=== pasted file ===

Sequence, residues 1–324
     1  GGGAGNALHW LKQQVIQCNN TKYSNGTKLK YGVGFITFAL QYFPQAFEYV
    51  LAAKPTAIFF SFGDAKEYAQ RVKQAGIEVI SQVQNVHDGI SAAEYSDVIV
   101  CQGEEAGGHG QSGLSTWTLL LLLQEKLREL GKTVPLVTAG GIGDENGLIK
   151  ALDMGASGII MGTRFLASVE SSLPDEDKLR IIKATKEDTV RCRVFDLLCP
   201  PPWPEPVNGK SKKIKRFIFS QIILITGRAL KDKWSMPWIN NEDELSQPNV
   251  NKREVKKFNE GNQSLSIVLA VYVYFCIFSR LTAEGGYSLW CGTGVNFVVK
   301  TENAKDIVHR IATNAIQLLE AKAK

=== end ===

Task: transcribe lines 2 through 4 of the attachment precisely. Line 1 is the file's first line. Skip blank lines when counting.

     1  GGGAGNALHW LKQQVIQCNN TKYSNGTKLK YGVGFITFAL QYFPQAFEYV
    51  LAAKPTAIFF SFGDAKEYAQ RVKQAGIEVI SQVQNVHDGI SAAEYSDVIV
   101  CQGEEAGGHG QSGLSTWTLL LLLQEKLREL GKTVPLVTAG GIGDENGLIK